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Ely Library at Westfield State University
Rainbow Joe and Me by Maria Diaz Strom (Illustrator)
Call Number: PZ1000.S89 Rai 1999
A young girl learns the power of imagination from her blind neighbor, Rainbow Joe. Strom debuts with a determinedly exuberant book about a cool young African American artist, Eloise, whose fondness for bold colors and boldly outlined shapes is happily echoed in the full-bleed acrylic spreads. This exploration of sensory differences and similarities is enlightening and enchanting' - Kirkus Reviews'
Listen by Shannon Stocker; Devon Holzwarth (Illustrator)
Call Number: CT4300.G60 S76 2022
* Schneider Family Book Award Winner * A gorgeous and empowering picture book biography about Evelyn Glennie, a deaf woman, who became the first full-time solo percussionist in the world. She played the piano by ear at age eight, and the clarinet by age ten. But soon, the nerves in her ears began to deteriorate, and Evelyn was told that, as a deaf girl, she could never be a musician. What sounds Evelyn couldn't hear with her ears, though, she could feel resonate through her body as if she, herself, were a drum.
El Deafo by Cece Bell; David Lasky (Illustrator)
Call Number: CT4300.B443 B44 2014
New York Times Bestseller A 2015 Newbery Honor Book Going to school and making new friends can be tough. But going to school and making new friends while wearing a bulky hearing aid strapped to your chest? That requires superpowers! In this funny, poignant graphic novel memoir, author/illustrator Cece Bell chronicles her hearing loss at a young age and her subsequent experiences with the Phonic Ear, a very powerful--and very awkward--hearing aid.
From Anna by Jean Little; Joan Sandin (Illustrator)
Call Number: PZ7.L7225 Fr 1972
Anna is the clumsy member of the Solden family. She bumps into tables and she can't read the blackboard at school. Soon after her arrival in Canada she is diagnosed as being vision-impaired. Suddenly her clumsiness and learning difficulties can be explained.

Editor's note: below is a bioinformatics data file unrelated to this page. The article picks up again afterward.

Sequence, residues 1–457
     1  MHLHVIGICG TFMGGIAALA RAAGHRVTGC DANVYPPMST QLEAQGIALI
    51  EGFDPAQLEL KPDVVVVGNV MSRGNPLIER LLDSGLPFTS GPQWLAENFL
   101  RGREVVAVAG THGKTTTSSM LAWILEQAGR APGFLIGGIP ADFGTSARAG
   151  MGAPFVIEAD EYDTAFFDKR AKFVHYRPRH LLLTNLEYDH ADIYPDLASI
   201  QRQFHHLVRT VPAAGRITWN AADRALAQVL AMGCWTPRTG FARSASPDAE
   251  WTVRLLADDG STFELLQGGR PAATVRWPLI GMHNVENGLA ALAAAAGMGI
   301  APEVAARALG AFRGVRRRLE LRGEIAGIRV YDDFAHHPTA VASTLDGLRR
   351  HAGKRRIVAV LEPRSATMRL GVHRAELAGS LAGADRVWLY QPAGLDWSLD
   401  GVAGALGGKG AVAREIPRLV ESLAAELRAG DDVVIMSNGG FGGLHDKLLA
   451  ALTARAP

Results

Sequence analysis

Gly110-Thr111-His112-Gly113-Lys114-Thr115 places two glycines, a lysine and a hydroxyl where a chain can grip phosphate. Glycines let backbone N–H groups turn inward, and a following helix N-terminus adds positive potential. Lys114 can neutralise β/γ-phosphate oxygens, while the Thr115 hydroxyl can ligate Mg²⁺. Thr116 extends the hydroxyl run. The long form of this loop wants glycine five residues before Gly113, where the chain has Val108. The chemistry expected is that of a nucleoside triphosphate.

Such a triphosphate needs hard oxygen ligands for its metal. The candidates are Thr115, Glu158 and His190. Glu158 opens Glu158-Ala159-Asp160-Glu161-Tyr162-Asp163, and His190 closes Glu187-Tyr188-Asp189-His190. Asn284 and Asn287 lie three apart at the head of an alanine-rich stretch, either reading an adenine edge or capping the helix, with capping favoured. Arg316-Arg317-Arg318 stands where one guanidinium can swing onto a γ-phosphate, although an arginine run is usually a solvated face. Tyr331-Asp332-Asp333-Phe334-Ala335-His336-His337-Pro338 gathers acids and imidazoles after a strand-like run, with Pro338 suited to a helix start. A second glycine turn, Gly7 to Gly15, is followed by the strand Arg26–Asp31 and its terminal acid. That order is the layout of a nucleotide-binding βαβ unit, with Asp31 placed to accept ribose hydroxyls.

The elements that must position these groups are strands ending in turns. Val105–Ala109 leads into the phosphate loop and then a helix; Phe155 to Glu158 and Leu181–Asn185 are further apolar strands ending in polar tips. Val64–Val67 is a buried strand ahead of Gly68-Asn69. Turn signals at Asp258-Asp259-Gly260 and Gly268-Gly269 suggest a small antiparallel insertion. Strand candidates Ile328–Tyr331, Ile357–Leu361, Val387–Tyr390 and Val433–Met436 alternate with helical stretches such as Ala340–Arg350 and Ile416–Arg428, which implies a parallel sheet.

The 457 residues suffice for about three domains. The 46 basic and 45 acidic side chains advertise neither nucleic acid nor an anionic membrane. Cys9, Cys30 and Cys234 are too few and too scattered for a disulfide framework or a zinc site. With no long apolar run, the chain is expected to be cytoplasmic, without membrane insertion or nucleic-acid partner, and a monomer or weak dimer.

Hannah by Gloria Whelan; Leslie Bowman (Illustrator)
Call Number: PZ7.W5718 Han 1991
Nine-year-old Hannah would do almost anything to go to school with all the other children in town. But Hannah is blind, and her parents keep her at home, where she is safe. Then Lydia Robbin, a strong-willed teacher, comes to town and convinces Hannah's parents to send her to school. At first Hannah is overjoyed. But she soon learns that there are many obstacles--and people--that stand in her way.
Sees Behind Trees by Michael Dorris
Call Number: PZ7.D7287 Sj 1996
Set in 16th century America, this richly imagined and gorgeously written rite-of-passage story has the gravity of legend . . . Dorris once again demonstrates that he is a brilliant and deeply humane writer whose words can show you something you have never seen.--Booklist, starred review.
Singing Hands by Delia Ray
Call Number: PZ7.R1976 Si 2006
As one of three hearing daughters of deaf parents, 12-year-old Gussie Davis is expected to be a proper representative of Saint Jude's Church for the Deaf in Birmingham, Alabama, which is run by her father. So when Gussie starts to hum through signed services in the summer of 1948, Reverend Davis assumes she merely wants to sing out loud and sends her to a regular church downtown. Rebelling against the strict rules of the school, Gussie finally confronts the difficulties and prejudices encountered by the deaf community, all while still trying to find her own identity in the worlds of both the hearing and the deaf.
The Orange Houses by Paul Griffin
Call Number: PZ7.G881 Or 2009
Tamika Sykes, AKA Mik, is hearing impaired and way too smart for her West Bronx high school. She copes by reading lips and selling homework answers, and looks forward to the time each day when she can be alone in her room drawing. She's a tough girl who mostly keeps to herself and can shut anyone out with the click of her hearing aid. But then she meets Fatima, a teenage refugee who sells newspapers, and Jimmi, a homeless vet who is shunned by the rest of the community, and her life takes an unexpected turn.